Jeff Mills Tackles D.C. School Lunches
Shoppers and Trends
August 29, 2010
What Mills discovered was that the cost of better quality ingredients was not the only prohibitive element to improving what’s being fed to D.C. school children. Instead, he told The Lempert Report, vendor relationships with local producers, distribution issues, and quality control were also obstacles to improving the system.
He explains, “One of the companies we are working with now has contacts with [local] farmers and access to local product at costs of 10 to 30 cents on the dollar. They have a system in place, and taking advantage of their resources will make these programs possible.”
His efforts over the summer generated two new pilot programs that recently debuted in the district – one of which features from-scratch meals made with ingredients from local farms. The contracts for pilot food service models aimed at bringing fresh and local ingredients to 14 schools were awarded to two vendors: Revolution Foods will provide fresh portable meals for seven schools; DC Central Kitchen will provide meals made-from-scratch for seven schools.
“Our goal is to keep the per plate cost as close to cost-neutral as possible. It will be challenging,” Mills says. “We are going to do a lot better than we did the past couple of years with a far better quality product. Our goal is to have the food we serve look like where the food is coming from – for example, chicken will be a whole chicken breast not a chicken nugget.”
But Mills explains that some of the toughest work still to come lies with training staff to handle the new ingredients and meals. Mills’ concern brings into focus an issue many school districts will face as the shift toward fresh products in school lunch programs takes hold.
Experienced cafeteria workers will have to be newly trained in knife skills, and in the proper storage and handling of fresh products. They mostly lack these skills because they mostly have served up frozen, highly processed, packaged foods. How many will be able to adapt is an open question. The added labor costs during training are another concern.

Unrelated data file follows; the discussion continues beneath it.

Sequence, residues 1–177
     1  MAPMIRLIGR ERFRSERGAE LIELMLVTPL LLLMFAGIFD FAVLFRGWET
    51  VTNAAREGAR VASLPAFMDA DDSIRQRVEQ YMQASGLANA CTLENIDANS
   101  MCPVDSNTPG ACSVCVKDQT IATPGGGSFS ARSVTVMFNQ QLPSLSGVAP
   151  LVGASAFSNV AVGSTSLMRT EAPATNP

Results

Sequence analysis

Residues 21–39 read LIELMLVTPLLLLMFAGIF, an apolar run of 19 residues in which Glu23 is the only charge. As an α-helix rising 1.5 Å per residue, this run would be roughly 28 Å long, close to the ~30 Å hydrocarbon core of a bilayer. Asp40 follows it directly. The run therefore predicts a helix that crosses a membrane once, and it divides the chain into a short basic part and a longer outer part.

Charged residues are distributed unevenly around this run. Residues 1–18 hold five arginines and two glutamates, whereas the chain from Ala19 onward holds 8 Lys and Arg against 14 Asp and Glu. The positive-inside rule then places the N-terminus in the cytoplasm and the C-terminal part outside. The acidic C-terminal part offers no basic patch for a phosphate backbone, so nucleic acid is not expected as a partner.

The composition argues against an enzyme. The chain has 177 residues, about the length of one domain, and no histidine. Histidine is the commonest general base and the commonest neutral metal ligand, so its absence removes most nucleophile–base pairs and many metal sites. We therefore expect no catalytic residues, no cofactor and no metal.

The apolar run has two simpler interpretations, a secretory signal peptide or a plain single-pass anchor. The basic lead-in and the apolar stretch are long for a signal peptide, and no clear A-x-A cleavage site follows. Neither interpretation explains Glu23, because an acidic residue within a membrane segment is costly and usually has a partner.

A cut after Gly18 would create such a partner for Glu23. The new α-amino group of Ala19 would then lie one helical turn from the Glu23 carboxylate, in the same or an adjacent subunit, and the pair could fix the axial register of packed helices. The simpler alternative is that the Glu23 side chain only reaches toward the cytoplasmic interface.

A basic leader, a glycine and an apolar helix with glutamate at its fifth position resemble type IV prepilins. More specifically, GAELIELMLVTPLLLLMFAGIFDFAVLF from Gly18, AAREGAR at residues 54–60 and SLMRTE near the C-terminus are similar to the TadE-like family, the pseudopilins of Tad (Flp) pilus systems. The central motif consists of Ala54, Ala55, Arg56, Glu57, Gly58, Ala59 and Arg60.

Perhaps supermarkets could help fill the void by offering regional training and nutritional classes for cafeteria personnel, The Lempert Report suggests. More than 31 million children eat a federally funded school lunch daily through the National School Lunch Program (NSLP), yet only 90 cents per lunch is spent on food. Sourcing the best product for the cost won’t be enough to change the content of each child’s lunch if training is not available.
Some retailers have taken hold of the issue already. In Atlanta, kitchenware retailer Mary Moore, founder and owner of The Cook’s Warehouse, hosted cafeteria workers from the City of Decatur for its second Farm-to-School class earlier this month.
The Decatur school-lunch program is a joint project of Matthew Rao of Rao Design Studio; The Cook's Warehouse; Georgia Organics, and the Atlanta Chapter of Les Dames d'Escoffier International. It is meant to teach easy, efficient and inspired cooking to those front-line cafeteria workers who feed our children one or two meals, five days a week. Ultimately, the program’s goal is to find local and organic farms as sources, quick and tasty, low-fat/healthy recipes that work well for large numbers, and fresh food that provides minimal waste and can be stretched to fit the school’s budget. Cafeteria workers in this program also learn professional, safe knife handling skills, as well as skills for properly seasoning food.